First, one of the accused had an operation. Then it took months to find a judge to preside over the case. When one was finally appointed, the presiding judge was absent for months, because he was allocated to a civil case twice. In addition to these months where nothing happened, there have been about 50 ad hoc postponements. The reasons are manifold.
The lawyers were ill, had vehicle problems, or they simply didn’t show up. The prosecutor also caused postponements, once claiming she “had a headache”, another time that “a public works strike in Lenasia jeopardised her children’s safety”.
Witnesses, stenographers, assessors and interpreters didn’t turn up or couldn’t be located. Then the case couldn’t proceed because the court was without running water for three consecutive days.
When it was announced that the court building was going to be renovated, Judge Gidfonia Mlindelwa Makhanya drew the line. This would lead to unacceptable further delays, he said, adding: “Justice delayed is justice denied.”
The strangest delay in this case took place on February 24 this year, when six of the eight defence lawyers complained to the judge about the presence of a reporter – myself – who was, according to them, “playing funny games” and “interfering with court proceedings”. The lawyers spent a whole day expounding on their grievances.
As a result, the State witness, who had waited for hours, was sent home. The judge ignored the submissions and encouraged the advocates to consult with their clients more frequently.
The Criminal Procedure Act stipulates that the court may “issue an order as it deems fit”, if trial delays are unreasonable.
On September 21 last year, the accused instructed their lawyers to send a letter of complaint to the deputy judge president of the Johannesburg High Court, Judge Phineas Mojapelo.
However, the deputy judge president informed the lawyers that Judge Makhanya would again be called to the civil court in 2012. This will delay the trial another six months.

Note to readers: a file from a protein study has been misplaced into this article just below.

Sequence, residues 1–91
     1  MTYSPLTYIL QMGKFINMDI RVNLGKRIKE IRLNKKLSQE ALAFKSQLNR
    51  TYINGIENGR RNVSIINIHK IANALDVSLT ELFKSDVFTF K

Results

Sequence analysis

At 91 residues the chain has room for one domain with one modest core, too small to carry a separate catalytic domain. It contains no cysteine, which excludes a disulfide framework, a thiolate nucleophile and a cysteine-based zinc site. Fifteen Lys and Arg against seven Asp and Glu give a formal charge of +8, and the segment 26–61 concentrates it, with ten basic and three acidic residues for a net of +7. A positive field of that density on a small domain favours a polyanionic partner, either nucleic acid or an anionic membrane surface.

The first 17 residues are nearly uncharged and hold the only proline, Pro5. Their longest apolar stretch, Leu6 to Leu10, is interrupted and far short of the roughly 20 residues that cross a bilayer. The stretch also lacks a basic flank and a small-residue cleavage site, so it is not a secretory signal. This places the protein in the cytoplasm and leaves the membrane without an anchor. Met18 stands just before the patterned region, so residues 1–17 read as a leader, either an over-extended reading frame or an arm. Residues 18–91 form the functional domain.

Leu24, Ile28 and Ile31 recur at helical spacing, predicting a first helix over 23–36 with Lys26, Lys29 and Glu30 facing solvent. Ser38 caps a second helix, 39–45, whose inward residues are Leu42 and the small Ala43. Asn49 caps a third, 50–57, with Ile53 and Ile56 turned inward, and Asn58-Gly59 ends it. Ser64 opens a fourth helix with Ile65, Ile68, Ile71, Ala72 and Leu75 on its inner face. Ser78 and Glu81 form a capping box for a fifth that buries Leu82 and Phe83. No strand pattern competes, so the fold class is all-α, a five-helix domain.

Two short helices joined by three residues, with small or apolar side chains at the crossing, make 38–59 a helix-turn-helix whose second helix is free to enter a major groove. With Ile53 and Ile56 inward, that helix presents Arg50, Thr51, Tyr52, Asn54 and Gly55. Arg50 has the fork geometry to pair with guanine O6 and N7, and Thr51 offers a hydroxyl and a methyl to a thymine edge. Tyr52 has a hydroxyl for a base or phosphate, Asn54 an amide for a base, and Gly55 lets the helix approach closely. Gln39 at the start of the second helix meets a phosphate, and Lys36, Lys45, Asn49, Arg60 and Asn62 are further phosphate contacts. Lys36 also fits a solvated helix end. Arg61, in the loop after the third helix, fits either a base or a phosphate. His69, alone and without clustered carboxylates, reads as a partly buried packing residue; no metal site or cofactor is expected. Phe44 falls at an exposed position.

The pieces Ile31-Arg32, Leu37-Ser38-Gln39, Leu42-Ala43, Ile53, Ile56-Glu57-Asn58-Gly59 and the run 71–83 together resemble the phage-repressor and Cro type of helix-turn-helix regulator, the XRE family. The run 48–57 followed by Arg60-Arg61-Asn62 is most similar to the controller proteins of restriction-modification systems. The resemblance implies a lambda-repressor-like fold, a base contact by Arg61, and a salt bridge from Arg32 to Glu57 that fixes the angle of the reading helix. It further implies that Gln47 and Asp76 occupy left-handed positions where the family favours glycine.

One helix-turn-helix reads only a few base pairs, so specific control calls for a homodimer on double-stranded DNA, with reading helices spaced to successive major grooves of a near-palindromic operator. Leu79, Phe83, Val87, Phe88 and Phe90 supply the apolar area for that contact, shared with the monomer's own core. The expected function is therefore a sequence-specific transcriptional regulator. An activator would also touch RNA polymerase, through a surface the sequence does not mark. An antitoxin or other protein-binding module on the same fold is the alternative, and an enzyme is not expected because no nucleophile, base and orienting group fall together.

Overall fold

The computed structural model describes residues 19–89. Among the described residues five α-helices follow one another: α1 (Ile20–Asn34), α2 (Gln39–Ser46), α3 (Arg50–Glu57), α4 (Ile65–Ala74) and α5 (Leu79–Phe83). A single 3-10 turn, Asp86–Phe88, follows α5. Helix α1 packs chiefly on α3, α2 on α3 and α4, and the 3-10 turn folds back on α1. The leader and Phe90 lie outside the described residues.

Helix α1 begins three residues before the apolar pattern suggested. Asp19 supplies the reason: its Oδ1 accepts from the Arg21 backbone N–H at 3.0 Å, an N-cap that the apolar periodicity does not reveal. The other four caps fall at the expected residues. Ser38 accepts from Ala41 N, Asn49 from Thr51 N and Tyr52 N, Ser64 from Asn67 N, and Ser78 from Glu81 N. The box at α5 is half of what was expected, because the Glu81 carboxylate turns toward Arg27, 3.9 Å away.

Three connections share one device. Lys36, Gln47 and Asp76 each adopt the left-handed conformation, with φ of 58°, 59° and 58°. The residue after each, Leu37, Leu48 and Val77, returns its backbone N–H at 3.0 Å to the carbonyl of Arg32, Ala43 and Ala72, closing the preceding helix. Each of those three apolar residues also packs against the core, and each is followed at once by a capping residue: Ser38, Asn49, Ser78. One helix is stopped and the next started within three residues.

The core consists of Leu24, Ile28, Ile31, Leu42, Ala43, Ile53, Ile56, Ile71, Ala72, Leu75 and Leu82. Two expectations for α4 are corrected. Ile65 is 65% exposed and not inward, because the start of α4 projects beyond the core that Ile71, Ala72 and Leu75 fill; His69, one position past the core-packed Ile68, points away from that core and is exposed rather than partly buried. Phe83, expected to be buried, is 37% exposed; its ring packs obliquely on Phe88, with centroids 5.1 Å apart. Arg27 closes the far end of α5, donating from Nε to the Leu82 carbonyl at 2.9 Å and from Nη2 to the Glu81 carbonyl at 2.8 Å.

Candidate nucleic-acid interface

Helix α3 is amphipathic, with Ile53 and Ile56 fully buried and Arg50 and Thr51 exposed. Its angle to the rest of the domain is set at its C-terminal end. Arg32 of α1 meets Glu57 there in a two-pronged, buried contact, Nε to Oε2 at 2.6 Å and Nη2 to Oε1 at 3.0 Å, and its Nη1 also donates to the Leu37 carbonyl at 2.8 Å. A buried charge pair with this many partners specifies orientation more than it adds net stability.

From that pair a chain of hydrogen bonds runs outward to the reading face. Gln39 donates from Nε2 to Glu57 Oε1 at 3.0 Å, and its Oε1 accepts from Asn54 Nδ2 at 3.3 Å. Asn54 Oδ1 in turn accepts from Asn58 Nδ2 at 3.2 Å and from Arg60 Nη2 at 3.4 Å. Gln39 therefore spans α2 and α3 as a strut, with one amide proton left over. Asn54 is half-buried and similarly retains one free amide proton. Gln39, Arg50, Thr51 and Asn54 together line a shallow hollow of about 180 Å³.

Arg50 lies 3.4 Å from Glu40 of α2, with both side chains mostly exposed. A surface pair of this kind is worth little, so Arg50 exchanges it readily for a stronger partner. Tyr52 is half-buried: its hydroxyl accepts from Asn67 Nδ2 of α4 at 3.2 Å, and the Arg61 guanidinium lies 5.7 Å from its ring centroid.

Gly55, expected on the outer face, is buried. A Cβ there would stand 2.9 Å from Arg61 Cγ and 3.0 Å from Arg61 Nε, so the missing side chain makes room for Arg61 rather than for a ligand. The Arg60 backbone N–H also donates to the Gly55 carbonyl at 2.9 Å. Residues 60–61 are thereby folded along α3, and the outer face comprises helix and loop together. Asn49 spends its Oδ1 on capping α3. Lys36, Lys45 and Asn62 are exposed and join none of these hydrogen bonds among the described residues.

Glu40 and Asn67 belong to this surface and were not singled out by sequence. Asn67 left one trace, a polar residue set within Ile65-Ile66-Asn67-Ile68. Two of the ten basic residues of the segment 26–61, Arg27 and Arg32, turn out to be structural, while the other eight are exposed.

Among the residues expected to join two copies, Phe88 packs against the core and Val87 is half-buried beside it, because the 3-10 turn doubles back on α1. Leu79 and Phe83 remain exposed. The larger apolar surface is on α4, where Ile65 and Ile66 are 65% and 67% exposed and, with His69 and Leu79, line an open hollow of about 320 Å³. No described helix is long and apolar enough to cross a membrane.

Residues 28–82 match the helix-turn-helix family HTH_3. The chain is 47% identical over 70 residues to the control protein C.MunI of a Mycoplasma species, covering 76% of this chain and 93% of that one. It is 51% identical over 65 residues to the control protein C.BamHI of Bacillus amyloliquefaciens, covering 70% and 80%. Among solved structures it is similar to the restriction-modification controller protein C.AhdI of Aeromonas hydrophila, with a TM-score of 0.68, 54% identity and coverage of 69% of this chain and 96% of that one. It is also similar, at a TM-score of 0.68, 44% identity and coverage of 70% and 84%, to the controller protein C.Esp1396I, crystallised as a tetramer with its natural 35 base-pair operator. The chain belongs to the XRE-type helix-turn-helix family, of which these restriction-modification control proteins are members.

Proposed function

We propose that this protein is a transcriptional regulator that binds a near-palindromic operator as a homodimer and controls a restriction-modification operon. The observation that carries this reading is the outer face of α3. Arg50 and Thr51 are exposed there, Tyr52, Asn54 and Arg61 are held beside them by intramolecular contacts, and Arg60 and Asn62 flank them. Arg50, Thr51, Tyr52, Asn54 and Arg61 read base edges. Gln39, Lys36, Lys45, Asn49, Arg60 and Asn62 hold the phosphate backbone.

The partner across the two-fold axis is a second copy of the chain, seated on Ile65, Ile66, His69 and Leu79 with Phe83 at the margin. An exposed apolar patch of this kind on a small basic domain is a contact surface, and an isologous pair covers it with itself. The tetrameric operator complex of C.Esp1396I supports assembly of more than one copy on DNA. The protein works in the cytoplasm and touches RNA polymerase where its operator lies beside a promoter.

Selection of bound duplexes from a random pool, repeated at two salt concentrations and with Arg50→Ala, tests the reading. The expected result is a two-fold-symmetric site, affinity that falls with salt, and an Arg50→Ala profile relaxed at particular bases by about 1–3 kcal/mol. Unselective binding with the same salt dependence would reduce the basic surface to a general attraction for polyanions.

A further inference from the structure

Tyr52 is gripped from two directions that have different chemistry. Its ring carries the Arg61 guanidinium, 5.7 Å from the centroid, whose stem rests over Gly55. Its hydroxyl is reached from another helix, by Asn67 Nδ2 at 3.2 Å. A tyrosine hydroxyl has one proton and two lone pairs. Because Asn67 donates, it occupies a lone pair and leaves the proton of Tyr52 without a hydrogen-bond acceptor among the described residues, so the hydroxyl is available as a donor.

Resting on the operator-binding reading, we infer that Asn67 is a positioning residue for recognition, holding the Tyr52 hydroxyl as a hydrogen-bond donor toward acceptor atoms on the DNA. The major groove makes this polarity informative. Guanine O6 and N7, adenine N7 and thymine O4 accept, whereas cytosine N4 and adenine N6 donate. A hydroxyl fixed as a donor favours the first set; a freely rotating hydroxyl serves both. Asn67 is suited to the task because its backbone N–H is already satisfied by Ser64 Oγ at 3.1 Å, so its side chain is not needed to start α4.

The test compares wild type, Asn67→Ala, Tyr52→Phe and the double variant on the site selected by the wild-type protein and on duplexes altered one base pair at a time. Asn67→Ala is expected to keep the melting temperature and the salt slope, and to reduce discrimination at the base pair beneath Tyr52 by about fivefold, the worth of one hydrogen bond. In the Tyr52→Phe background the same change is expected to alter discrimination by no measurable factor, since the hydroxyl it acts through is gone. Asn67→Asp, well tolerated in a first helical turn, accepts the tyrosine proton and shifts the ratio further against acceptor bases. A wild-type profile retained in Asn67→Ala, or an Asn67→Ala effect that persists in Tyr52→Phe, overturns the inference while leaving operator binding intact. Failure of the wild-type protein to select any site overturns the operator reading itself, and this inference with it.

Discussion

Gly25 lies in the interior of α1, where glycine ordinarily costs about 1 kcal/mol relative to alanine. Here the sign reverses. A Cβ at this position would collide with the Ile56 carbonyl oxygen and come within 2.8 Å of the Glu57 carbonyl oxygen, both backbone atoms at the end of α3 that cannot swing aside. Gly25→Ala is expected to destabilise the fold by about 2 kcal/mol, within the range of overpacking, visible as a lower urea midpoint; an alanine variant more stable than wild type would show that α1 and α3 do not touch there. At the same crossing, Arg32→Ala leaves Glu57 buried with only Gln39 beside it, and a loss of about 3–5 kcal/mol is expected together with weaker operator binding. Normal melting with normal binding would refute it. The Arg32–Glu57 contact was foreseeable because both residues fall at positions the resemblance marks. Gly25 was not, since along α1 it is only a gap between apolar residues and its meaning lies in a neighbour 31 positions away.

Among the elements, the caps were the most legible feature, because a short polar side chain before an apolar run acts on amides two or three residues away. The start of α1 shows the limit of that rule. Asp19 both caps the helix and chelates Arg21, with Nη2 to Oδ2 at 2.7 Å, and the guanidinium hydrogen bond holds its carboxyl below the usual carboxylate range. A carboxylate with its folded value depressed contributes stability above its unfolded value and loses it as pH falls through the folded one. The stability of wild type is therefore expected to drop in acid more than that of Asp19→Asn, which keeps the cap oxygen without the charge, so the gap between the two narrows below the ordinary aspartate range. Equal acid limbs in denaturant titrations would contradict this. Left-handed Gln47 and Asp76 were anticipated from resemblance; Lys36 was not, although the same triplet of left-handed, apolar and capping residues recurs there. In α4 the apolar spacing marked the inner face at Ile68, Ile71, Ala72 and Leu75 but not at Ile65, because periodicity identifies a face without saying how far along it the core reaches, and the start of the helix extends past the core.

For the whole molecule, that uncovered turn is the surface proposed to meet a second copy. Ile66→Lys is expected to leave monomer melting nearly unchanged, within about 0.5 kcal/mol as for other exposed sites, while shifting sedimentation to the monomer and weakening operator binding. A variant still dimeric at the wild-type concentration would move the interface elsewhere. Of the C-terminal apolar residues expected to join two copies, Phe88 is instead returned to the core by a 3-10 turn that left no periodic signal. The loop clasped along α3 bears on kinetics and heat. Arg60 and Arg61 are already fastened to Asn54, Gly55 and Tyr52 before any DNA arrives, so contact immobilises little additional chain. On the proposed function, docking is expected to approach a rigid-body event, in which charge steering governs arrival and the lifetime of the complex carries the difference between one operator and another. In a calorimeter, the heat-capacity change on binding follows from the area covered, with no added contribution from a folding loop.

The sluggish process is wearing down the accused. They are desperate to get out of Medium A prison, Joburg’s notorious remand detention centre. That sense of urgency heightens when NT arrives at court with a bandaged ear.
“A warder beat me after I refused to strip naked for an ‘internal investigation’, to see if I was harbouring drugs or weapons. He hit me till my ear bled and grabbed and pulled me by my balls.”
The Department of Correctional Services instructed an independent correctional centre visitor to investigate the matter several weeks ago, but that has not yet yielded any outcome.
TM says: “We have to share one toilet with 60 men and there are no toiletries such as soap provided.”
Exercise and fresh air are restricted to a few minutes a day.
Family and friends of remand detainees – known as “non-contact inmates” – can visit their loved ones briefly once a week, in a room with a glass partition and often faulty speaker phones.
While overcrowding and poor sanitary conditions are unconstitutional, some of the stringent conditions of remand detention stem from the idea that prisoners are supposed to be remanded for only a brief period – during the investigation and trial.
But hundreds of accused are locked up in Medium A for several years.
A heavily armed policeman, who guards the courtroom, has little sympathy for the rights of these prisoners. “They are criminals. It’s in their blood. If they ever get out, I will shoot them and plant a gun, so it looks like I did it in self-defence.”
* Ruth Hopkins is a senior journalist at the Wits Justice Project, which investigates miscarriages of justice